Author's Note: Welcome one and all to this new story, which explores the premise of Darcy deciding to grant Lady Catherine's favourite wish after Ramsgate. I warn you; this is a story full of angst for all concerned, and though things may seem impossible, they will not end so, but the journey will be arduous and mortal and is not for the faint hearted. Aplogies if I sound over-dramatic, and mysterious, but this first part sets the scenes, and gives clues as to how this may go. Enjoy, I hope.

The Good Brother.

Part I.

Fitzwilliam Darcy had always thought himself to be a good brother. It was something that he prided himself upon. Responsibility had been thrust upon him at an early age; he was barely three and twenty when his father departed from the world, leaving his son a large estate and a sister more than ten years his junior to raise.

Few expected such a young man to deal with this, but those who knew Mr Darcy saw in him what society did not; a profound sense of familial duty, combined with compassion, and gentleness. All these qualities made him address the task he had been left with most seriously, determined to do his late father proud.

Five years later however, tragedy struck. His sister Georgiana, now but fifteen, had been taken from the establishment formed for her in London to Ramsgate; under the chaperoning of a Mrs Younge. A woman in whom that Mr Darcy found later he had been most heavily deceived.

For she had made the acquaintance of a man by the name of George Wickham, a person whom had long been known to Darcy, as the godson of his late father, and a close childhood companion before his character grew reckless at Cambridge.

A man of ill repute and disgraceful conduct, he had tried to persuade Georgiana to fall in love with him and consent to an elopement. By chance, Miss Darcy wrote to her brother, and her words, although only containing a slight mention of Mr Wickham and not by name, induced Mr Darcy to go down to Ramsgate.

He arrived just in time. Georgiana, fearing to disappoint a brother that she looked up to almost as a father, told him the entirety of Wickham's scheme at once. Mr Darcy only needed a brief audience with the man to set him straight and send him on his way. Mr Wickham left the next day, leaving a broken hearted Georgiana, and an ashamed Fitzwilliam Darcy.

It was after this terrible event, that Darcy came to the following conclusion. His sister needed a sister, an ally to confide matters in, when she felt she could not discuss it with him. Determined that such a failure would not happen again, and having no other sibling but her, he began to look for a wife.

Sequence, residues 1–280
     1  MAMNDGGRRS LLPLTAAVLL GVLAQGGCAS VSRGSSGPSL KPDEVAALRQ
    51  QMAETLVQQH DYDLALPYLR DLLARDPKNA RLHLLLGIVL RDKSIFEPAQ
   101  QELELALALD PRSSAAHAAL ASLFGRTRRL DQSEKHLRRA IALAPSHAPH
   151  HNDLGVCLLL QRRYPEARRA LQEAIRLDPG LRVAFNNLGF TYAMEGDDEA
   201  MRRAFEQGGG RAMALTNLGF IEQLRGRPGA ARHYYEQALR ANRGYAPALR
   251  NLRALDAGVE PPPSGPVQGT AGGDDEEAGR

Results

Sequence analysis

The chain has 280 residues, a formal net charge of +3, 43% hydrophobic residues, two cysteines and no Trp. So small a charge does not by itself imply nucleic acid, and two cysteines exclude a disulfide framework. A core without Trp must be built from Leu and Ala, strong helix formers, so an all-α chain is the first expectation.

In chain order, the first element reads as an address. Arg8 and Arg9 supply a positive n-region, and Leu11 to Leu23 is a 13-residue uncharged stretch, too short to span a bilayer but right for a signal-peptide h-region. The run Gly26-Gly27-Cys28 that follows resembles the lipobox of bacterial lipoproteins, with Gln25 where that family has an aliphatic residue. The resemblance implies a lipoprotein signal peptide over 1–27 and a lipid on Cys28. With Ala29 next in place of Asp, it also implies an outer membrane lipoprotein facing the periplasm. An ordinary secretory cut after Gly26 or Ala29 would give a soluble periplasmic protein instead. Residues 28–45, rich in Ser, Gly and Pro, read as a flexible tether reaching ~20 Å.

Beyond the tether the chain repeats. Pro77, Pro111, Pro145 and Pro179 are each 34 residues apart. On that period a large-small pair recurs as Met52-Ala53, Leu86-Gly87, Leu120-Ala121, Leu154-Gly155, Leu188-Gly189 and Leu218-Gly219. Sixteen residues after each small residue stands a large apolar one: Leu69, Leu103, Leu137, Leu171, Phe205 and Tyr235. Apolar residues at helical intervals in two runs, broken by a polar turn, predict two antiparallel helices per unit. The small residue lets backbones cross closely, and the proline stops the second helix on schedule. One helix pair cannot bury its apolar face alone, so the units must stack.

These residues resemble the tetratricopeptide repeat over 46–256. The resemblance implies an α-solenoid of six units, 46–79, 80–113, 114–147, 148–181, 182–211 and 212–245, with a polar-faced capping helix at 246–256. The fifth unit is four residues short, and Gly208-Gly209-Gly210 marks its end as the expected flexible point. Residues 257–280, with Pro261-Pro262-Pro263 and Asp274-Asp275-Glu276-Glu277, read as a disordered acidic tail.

But society did not possess a woman that he could trust with himself, let alone with Georgiana, leaving him only one option. That was to seek a wife in his close family. He had two such possibilities; in the form of cousins, from his mother's side of the family. The first, Lady Eleanor Fitzwilliam, daughter of his Uncle, was only ten years old, hardly a suitable choice. So he settled upon the second.

Anne de Bourgh was the only daughter of his mother's older sister, Lady Catherine. She stood to inherit her father's estate; Rosings Park in Kent. She was but one and twenty, an young enough age to find intimacy with Georgiana and old enough to be a suitable wife. But these were not the only reasons that made Mr Darcy chose her as his bride. Anne's mother had sheltered her from much of society, causing Anne to be pronounced as sickly, when in truth, all Miss de Bourgh needed was some freedom under which to thrive.

Having been friends from childhood, Darcy learnt of this from Anne herself, and she in turn had learnt of his trouble with Georgiana She agreed to his proposal and Lady Catherine's consent was applied for accordingly. As the match had a been a favoured wish of this lady, she accepted immediately, but the rest of the family took the news differently.

The Earl of Matlock, Darcy's maternal Uncle, urged caution to his nephew, determined in his opinion that marriage to Anne was not the way to prevent another 'Ramsgate tragedy' and his wife was likewise opposed. Their eldest son and family also disagreed. Only the younger son, a colonel in the army and thus perhaps more willing to understand a marriage of convenience than others who had the luxury of choice, accepted his cousin's decision.

Thus it was to the surprise of most of his family and all of society when Fitzwilliam Darcy married Anne de Bourgh on the ninth day of August, in the year of grace, 1811. The wedding took place at Pemberley, Mr Darcy's country estate, where he and his sister had spent nearly all of their lives. As the day faded into evening, and the newly wedded couple retired for the night, they kept their agreement of not consummating a marriage that was purely of convenience and friendship.

The next day, a Dr Dawson, family physician to the Darcys for many years came as agreed to examine the new Mrs Darcy and determine the real cause for her sickly constitution. Much to their surprise, her worse suspicions were confirmed. Anne had consumption. The word sent dread to both their hearts, worsening when the doctor pronounced her to not survive over a year.

Darcy was all prepared to blame himself, when Anne brought him to realise that the year she had would help the both of them to better cope when she did pass away and leave him eligible once more. Her husband vowed to keep the illness from the rest of their family, informing only Georgiana, and to make Anne's last year the happiest she had ever experienced.

And thus this is where our story begins, one evening in London, in Grosvenor Square, where the Darcy family have been residing to enjoy the Season approximately one and forty days.